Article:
When our kids attend awards ceremonies or other events where they have to be on their best behavior, we run through the basics: a reminder on how to shake hands (firm grip and good eye contact), courteous greetings and politeness. • They're teens now, and I hope they have learned by now that following those social rules not only may get them invited to next year's birthday party but also will help when it's time to find a job. • So, parents, since kids are starting to look for summer gigs, it's not a bad idea to role-play with your teens about how to ask for a job application, how to handle themselves in an interview and how to follow up. Here are a few places to start the conversation:
Dress neatly. You don't have to wear a suit, but make sure your shoes are shined and your clothes are clean and pressed. Consider your audience: If you're applying at a construction site, jeans are okay. But torn jeans? Never. Wherever you apply, leave at home the flip-flops, T-shirts with provocative slogans and low-cut camisoles.
Don't chew gum or show up at the interview wearing iPod headphones around your neck. Think that's obvious? Pam Laughlin, director of career services for Sam Houston State University in Huntsville, has heard stories that some job seekers leave the buds in their ears and insist to the interviewer that they can still hear.
Leave Mom and Dad in the car, Laughlin said. They don't belong at job interviews. Laughlin said some parents insist on sitting in during interviews and career counseling sessions.
Do your homework and find out as much as you can about the organization, recommended Kathy Rapp, vice president and managing director for hrQ, a human resources search, staffing and consulting firm in Houston.
You'll appear more knowledgeable and enthusiastic, and when it comes time to ask questions, you'll have some good ones, said Rapp, whose first interview at the age of 15 got her a job as a swim instructor and lifeguard at her local YMCA.
"I really wanted the job, and I think that came through," said Rapp, who eventually got a college scholarship from the nonprofit.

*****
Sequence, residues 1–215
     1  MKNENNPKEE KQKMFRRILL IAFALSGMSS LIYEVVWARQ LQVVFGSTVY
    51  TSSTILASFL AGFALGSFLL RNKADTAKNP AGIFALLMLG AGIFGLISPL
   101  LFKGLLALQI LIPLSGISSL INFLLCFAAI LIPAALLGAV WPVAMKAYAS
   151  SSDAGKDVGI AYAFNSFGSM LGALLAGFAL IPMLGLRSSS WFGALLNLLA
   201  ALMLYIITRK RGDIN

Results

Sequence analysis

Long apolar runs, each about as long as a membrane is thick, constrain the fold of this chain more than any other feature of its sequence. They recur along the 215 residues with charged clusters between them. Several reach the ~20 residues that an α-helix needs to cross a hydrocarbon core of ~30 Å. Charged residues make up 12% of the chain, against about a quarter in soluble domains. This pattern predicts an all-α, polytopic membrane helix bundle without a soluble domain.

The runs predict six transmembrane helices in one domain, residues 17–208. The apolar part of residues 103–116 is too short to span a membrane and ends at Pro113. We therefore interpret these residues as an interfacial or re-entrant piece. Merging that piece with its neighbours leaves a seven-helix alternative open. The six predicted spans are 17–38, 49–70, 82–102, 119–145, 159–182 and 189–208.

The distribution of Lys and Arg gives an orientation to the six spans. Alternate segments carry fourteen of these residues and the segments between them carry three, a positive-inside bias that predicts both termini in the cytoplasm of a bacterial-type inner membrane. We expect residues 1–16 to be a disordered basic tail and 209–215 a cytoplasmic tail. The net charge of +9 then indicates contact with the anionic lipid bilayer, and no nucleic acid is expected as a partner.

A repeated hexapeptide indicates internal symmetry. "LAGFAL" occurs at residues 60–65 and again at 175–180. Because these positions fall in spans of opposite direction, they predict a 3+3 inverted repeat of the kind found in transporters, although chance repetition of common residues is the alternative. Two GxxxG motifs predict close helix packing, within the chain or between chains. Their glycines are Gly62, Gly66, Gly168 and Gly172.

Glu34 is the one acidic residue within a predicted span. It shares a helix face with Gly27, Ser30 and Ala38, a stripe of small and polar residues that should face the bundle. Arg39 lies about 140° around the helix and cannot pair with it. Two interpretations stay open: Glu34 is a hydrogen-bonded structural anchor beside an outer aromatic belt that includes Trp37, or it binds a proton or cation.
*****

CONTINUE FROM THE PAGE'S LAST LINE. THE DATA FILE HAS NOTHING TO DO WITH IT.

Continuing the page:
Rapp recommended using LinkedIn.com to search for people you or your parents know who work at a company and might give you a leg up. It's always better to have a referral than send in a blind application.
Make sure you ask questions during the interview. But make sure they're not about the basics that you easily could have found on the company's website, said Jackie Verity, a career coach and owner of Kaleidoscope Careers in Houston. Asking for simple information about products, services or locations shows you might not have researched the company in advance.
That happens a lot, Verity said. And employers find it annoying.
Prepare what's known as an "elevator speech" — a brief introduction that tells the basics of who you are and why you're interested in the job. Think of it as a presentation you can make in the time it takes you to ride in an elevator.
Practice it and remember to include the things you do in school or home that relate to the job, Laughlin said, something like: "I'm a senior in high school, and I have experience programming and developing websites."
Don't forget to follow up on your application or interview. You can call a few days later and remind the interviewer how much you appreciated the meeting and how much you'd like the job. And send a note.
"No one sends a written thank-you note anymore," Rapp said. "It will set you apart."
Many times the job goes to the applicant who follows up because the effort shows interest and initiative. What employer doesn't like that?